In the complaint, the plaintiff alleges that the defendants made false or misleading statements or failed to disclose that: “(1) the Company’s failure to derive real revenue from third-party customers left it almost completely dependent on related parties; (2) as a result, most, if not all, of the Company’s revenue came from related parties the Company created, funded, or controlled through its ownership and board seats; (3) the Company was misclassifying and underreporting related party revenue in order to conceal the Company’s near total-independence on related parties; (4) many of the company’s new R&D partner are undisclosed related parties and/or façades; (5) as a result, the Company’s valuation was significant [sic] less than Defendants disclosed to investors; and (6) as a result, Defendants’ public statements were materially false and/or misleading at all relevant times.”
The complaint alleges that the defendants violated Sections 10(b) and 20(a) of the Securities Exchange Act of 1934. The complaint seeks to recover damages on behalf of the plaintiff class.
By my count, the lawsuit filed against Ginkgo Bioworks is the 27th SPAC-related securities class action lawsuit to be filed so far in 2021. As has been the case with a number of the post-SPAC-merger companies that have been hit with securities suits this year, Ginkgo was sued after the publication of the negative short-seller report. Based on my running tally of the 2021 SPAC-related securities suits, of the 27 SPAC-related suits filed this year, eleven have followed a decline in the defendant company’s stock price following the publication of a negative short seller report. In addition to the 2021 SPAC-related lawsuits, the high-profile lawsuit filed in September 2020 against EV company Nikola Corporation also followed the publication of a short seller report about the company.
Another feature the new lawsuit filed against Ginkgo has in common with many of the prior SPAC-related lawsuits filed in 2021 is that the individuals named as defendants in the Ginkgo lawsuit include a former officer of the SPAC – in this case, the former SPAC officer named as a defendant is Harry E. Sloan, the former Chairman and CEO of the SEAC. This is not the first SPAC-related lawsuit in which Sloan has been named as a defendant. As discussed here, Sloan was also named as a defendant in the securities lawsuit filed in May 2021 against online gaming platform Skillz, which had merged with Flying Eagle Acquisition Corp. (a SPAC) in December 2020. Sloan was the pre-merger CEO of Flying Eagle.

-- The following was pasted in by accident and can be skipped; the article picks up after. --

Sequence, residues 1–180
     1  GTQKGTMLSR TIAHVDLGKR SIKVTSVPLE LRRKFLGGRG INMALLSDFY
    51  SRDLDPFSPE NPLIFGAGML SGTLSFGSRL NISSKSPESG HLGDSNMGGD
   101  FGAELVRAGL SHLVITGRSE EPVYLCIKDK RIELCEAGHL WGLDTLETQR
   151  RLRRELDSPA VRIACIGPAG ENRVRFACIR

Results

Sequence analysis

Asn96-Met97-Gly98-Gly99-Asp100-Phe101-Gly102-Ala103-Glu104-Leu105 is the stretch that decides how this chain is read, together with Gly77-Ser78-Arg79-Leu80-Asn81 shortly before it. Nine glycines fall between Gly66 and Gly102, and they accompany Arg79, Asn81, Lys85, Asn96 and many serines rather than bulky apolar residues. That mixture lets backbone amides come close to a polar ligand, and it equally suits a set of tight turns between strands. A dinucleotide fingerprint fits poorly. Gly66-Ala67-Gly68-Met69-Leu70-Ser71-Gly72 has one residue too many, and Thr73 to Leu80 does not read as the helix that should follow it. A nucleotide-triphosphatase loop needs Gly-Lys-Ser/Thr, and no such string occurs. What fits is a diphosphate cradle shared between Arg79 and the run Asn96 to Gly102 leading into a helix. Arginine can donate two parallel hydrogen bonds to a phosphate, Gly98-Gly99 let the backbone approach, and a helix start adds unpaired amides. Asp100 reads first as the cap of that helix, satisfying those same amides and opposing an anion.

Yet another interesting note about the new Ginkgo lawsuit is that, at least as far as I can tell, this is the first SPAC-related lawsuit relating to a SPAC that completed its IPO during calendar year 2021. The fact that a transaction involving a SPAC from the 2021 IPO class may signal that the enormous numbers of SPACs that completed IPOs in late 2020 and early 2021 may soon be moving into litigation range. The SPAC life cycle events that seem to indicate the onset of litigation risk are the announcement and the completion of the intended merger transaction. As more SPACs from the enormous numbers of companies that completed IPOs during the peak of the SPAC frenzy announce and complete their merger transactions, we are likely to see even more SPAC-related securities lawsuits filed.
The individuals that are named as defendants in the new Ginkgo lawsuit are each named in multiple capacities. The former SPAC CEO Sloan, for example, is named as a defendant both in his role as a former officer of the SPAC and in his role as a director of the post-transaction operating company. The CEO and CFO of Ginkgo are named as defendants in their roles both as officers of the pre-merger private company and in their roles as officers of the post-merger operating company. The multiple roles in which these individuals are named as defendants means that multiple insurance towers potentially are triggered by this claim, a circumstance that could add complexity to the claim processing and resolution.